CEE seminar: Challenges in water resources in Texas
This event is in the past.
Detroit, MI 48202
Dr. Nick Fang, P.E, Robert S. Gooch Associate Professor, Department of Civil Engineering, University of Texas at Arlington
Texas, as one of the fastest growing states has many challenges in water resources. Building standards, codes and practices of water infrastructure that were established without considering changing climate, are outdated, and not ready for the emerging challenges. Extensive research effort has been invested to enhance water infrastructure design criteria for better adaptation for the future of the state. Dr. Nick Z. Fang will provide an update on his research in addressing the challenges in stormwater management, urban hydrology, coastal resiliency, integrated transportation and stormwater infrastructure, etc.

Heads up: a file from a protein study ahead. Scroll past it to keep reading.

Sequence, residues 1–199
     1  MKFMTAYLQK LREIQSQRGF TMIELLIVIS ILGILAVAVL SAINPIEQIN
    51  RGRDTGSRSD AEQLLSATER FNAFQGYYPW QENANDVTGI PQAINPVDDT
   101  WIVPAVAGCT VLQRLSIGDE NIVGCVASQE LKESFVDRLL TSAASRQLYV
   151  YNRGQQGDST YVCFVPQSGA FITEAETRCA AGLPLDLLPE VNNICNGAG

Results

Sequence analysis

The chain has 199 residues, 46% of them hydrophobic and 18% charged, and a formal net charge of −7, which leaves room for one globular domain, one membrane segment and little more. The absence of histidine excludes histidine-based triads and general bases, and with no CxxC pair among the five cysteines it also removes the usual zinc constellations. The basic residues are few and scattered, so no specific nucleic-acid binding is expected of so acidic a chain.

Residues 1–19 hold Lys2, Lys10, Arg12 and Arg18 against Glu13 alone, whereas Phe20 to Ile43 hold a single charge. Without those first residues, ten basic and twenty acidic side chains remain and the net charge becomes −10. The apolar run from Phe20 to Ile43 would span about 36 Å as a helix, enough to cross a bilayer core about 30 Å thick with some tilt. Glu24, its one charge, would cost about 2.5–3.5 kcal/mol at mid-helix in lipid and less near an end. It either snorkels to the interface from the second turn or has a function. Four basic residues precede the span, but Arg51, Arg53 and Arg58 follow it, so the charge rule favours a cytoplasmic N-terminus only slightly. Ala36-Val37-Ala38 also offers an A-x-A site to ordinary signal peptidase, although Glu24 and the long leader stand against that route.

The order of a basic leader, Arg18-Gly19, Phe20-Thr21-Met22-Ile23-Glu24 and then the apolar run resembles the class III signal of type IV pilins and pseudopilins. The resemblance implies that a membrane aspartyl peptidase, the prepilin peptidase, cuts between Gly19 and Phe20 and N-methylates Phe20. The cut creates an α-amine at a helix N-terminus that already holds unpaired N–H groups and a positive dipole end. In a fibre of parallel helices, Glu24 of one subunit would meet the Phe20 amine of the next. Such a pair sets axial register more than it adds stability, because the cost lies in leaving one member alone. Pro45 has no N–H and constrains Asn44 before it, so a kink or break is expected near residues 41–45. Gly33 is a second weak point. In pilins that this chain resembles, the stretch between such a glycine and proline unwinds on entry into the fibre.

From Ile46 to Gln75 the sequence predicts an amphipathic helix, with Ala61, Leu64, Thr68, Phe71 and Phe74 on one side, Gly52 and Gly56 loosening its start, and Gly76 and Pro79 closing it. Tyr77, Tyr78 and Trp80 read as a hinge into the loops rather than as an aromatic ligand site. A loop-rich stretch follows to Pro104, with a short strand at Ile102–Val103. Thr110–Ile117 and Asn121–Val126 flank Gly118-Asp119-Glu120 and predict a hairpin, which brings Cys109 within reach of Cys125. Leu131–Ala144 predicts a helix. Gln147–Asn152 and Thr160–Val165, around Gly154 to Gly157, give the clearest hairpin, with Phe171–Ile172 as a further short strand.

Dr. Nick Z Fang is an associate professor and the Robert S. Gooch Endowed Faculty Fellow in Civil Engineering and leads the Fang Research Group at the University of Texas at Arlington (UTA). He obtained his Ph.D. degree in Civil and Environmental Engineering at Rice University and is a founding researcher at the Severe Storm Prediction, Education, and Evacuation from Disasters (SSPEED) Center. Dr. Fang currently leads the academic council of the Interagency Flood Risk Management (InFRM) team for the U.S. Army Corps of Engineers (USACE), Federal Emergency Management Agency (FEMA), U.S. Geological Survey (USGS), and National Weather Service (NWS) to cope with extreme events/natural disasters. He actively performs research in the areas of urban hydrology, radar hydrology, large scale hydrologic modeling, radar-based flood warning systems, water resources planning and management, and disaster (hurricanes, floods, and droughts) mitigation for USACE, NSF, NOAA, USDA, NASA, TxGLO, TWDB, TxDOT, TRA, NCTCOG, TRWD, HCFCD, etc. He has received external, active funding (> $10 million) as PI during the past nine years. His exciting interdisciplinary research experience has gained national and international recognition through improving the fundamental understanding of watershed resiliency by addressing two grand challenges of climate change and urbanization.